We've Already Been Done-Over. Now What?

The Sunshine Law suit should clearly go to trial

Editorial

It appears that an uncertain number of Knox County Commission members want to â“redoâ” the appointments of eight commissioners and four county office-holders that they performed in a series of back-room deals last Jan. 31.

Their motive seems to be that such an action might serve to moot the News Sentinel 's suit against them, pulling their charred feet from the fire, before they have to go to trial for violating the Tennessee Open Meetings â“Sunshineâ” Law.

Would restaging the Jan. 31 events without openly violating the law render the lawsuit, which has been joined by attorney Herbert Moncier's citizen plaintiffs, moot? It might, but it shouldn't. The violations would remain. The January tragi-comedy can't be erased. And it shouldn't be.

The Commission should have to face up to its crimes and take its hits from a jury and judge.

The Knox County Law Director, John Owings, is preparing a procedure for re-doing the appointments to present to the Commission next week. He has advised the commissioners that a trial would take at least three weeks at great county expense and that, if the Commission lost, it could be enjoined by the court from further violation of the Open Meetings Act. Such an injunction could mean that commissioners might face criminal contempt, not to mention further county expense.

Our position is that this Commission's majority needs the kind of instruction that a court injunction puts before them. Their reputation is such that if they accomplished a court-ordered remedy to their illegal appointments without further violation of the law, their community standing might actually improve. It couldn't get much worse.

If they do it on their own, without admitting the violation, they may be tempted to conduct their own little circus. Better they be under the scrutiny of a court that has ruled they violated the law.

Either way, what would have to transpire for a reappointment procedure to be legal, according to Owings, is that the former Commission's term-limited members would have to be reinstated. The eight who were replaced under a Supreme Court ruling would have to vote, along with the Commission's 11 members in good standing, on their replacements. The former commissioners would have to be sworn in and adequate notice given to the public that they were holding a special meeting to accomplish the successor appointments.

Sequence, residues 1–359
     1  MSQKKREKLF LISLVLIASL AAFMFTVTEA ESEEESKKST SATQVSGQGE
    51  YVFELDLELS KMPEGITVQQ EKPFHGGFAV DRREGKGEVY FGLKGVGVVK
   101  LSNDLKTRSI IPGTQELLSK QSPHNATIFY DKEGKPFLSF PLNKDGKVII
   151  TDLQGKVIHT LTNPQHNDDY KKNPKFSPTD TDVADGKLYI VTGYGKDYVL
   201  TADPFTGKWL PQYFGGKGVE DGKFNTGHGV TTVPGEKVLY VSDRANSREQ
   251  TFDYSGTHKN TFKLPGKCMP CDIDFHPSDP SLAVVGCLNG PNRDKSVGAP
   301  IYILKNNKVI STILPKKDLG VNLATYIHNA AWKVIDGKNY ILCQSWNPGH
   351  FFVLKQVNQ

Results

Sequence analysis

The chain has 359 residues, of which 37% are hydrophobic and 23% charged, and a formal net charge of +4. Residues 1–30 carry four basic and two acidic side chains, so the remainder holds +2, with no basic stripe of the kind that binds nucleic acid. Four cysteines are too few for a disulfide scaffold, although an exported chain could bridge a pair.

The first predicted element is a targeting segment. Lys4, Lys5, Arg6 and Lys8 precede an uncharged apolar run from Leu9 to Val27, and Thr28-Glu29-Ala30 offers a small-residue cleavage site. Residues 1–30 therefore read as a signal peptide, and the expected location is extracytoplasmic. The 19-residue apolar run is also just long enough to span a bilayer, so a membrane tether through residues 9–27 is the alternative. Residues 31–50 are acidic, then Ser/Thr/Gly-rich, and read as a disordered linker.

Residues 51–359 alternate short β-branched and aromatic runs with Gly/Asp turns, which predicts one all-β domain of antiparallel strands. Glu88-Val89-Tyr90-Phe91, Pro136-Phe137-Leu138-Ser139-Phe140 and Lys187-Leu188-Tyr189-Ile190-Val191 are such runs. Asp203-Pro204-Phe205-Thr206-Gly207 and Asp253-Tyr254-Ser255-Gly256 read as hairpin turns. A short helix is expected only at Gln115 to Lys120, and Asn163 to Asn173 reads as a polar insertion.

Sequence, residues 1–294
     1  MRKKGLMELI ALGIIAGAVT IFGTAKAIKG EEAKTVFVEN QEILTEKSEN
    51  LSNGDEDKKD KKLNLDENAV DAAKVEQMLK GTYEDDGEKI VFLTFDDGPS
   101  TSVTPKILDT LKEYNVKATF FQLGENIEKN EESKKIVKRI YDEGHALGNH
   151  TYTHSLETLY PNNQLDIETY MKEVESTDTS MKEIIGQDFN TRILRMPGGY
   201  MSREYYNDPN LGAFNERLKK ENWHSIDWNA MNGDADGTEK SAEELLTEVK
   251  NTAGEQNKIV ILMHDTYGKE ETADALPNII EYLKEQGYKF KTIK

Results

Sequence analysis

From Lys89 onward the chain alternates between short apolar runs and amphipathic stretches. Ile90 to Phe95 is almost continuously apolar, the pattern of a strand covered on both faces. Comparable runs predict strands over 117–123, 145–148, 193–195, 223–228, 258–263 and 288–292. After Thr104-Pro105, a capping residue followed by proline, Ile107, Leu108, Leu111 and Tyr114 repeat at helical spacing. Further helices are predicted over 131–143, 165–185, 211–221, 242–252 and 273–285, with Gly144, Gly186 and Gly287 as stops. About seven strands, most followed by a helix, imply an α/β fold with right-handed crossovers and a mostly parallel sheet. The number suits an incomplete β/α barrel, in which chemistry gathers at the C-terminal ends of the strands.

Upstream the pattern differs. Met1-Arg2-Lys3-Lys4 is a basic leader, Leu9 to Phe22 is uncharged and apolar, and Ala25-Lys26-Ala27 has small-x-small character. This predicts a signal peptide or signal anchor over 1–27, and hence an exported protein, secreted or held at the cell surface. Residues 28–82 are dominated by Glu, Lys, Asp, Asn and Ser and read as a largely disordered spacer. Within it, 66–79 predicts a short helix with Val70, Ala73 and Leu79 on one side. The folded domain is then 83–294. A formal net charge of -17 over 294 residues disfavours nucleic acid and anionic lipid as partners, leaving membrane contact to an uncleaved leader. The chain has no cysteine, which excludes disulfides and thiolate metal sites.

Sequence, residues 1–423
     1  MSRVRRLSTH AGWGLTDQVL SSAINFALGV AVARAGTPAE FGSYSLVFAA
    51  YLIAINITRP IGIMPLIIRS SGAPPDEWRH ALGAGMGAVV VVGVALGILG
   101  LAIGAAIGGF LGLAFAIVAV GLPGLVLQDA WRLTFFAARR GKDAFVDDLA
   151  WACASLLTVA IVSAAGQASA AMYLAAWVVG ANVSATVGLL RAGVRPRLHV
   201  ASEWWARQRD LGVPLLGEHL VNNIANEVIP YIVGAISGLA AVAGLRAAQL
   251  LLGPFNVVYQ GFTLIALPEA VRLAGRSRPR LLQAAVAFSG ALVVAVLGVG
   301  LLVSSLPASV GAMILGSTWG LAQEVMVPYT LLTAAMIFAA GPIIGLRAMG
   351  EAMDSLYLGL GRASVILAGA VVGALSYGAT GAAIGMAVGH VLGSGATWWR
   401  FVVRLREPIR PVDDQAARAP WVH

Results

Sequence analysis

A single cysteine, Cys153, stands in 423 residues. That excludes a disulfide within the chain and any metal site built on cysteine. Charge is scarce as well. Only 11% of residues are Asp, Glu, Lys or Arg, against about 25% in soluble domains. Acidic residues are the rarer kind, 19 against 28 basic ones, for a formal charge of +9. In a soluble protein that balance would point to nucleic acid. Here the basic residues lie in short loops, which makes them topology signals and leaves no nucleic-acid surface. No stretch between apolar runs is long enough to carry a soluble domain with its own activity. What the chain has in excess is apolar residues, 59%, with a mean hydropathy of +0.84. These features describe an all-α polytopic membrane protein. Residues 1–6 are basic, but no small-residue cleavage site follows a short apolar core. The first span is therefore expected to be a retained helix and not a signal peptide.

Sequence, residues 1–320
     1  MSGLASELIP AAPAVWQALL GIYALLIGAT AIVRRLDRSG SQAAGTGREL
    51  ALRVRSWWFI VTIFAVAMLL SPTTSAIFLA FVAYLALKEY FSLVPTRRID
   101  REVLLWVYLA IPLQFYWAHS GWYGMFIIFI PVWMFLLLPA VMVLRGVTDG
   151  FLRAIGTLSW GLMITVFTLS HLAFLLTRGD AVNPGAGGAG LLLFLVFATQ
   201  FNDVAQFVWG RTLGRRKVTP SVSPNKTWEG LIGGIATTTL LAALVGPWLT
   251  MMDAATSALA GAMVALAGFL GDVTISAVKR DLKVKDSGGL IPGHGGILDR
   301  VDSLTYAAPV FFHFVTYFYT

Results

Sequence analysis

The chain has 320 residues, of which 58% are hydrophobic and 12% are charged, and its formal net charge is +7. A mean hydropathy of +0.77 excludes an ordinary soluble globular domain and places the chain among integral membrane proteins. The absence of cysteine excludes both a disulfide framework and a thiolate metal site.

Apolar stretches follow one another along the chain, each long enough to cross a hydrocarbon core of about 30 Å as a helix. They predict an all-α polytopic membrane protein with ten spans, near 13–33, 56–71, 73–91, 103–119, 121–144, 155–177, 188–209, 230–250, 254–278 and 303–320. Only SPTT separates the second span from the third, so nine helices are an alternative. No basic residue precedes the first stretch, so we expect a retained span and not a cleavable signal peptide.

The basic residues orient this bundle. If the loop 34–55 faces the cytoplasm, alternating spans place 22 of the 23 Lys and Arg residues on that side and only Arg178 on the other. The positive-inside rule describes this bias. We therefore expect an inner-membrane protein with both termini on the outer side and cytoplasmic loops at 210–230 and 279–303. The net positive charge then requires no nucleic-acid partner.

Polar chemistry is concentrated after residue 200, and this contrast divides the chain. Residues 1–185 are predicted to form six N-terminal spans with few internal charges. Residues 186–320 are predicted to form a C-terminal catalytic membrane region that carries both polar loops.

It sounds a little far-fetched that the appointments might change significantly, but the Commission would have to listen to public comment on those appointments in open session to fulfill the remedial requirements. They would be subjected to another round of intense lobbying by the county's political parties and their factions. And they would suffer through another round of condemnation by the broad segment of the public that favors open government, so anything might happen.

One virtual certainty is that the Republican faction once loyal to county Mayor Mike Ragsdale has been effectively emasculated by scandal within the executive office.

That could mean simply another victory for the faction loyal to former Sheriff Tim Hutchison, or it could mean that public annoyance at the conflict between the Commission and administration has induced some commissioners to change their strategy and look for independent holders of the offices, pending the February 2008 primary election, when they go up for grabs again.

In Tuesday's meeting of the Commission's Finance Committee, following the redo discussion in the Intergovernmental Affairs Committee, Commissioner Paul Pinkston urged that the intergovernmental issues not be raised again because, he said, â“We don't know what we're doing here.â”

Before anyone suggests that Pinkston's words may have been taken out of context by us, we should point out that the context was a Knox County Commission meeting, and that alone proves their validity.

Let's hope that what the Commission is doing is settled by a judge and jury, rather than defined at the Commission majority's own volition. They had their chance, and they blew it. We have little confidence that they have reformed, especially when Pinkston, one of those whose own admissions show he participated in Sunshine violations, utters such outrageous statements as â“We've done nothing wrong.â”

We're watching, but we're still aghast at the effrontery we suffered Jan. 31.

They already did us; now they want to do us again?

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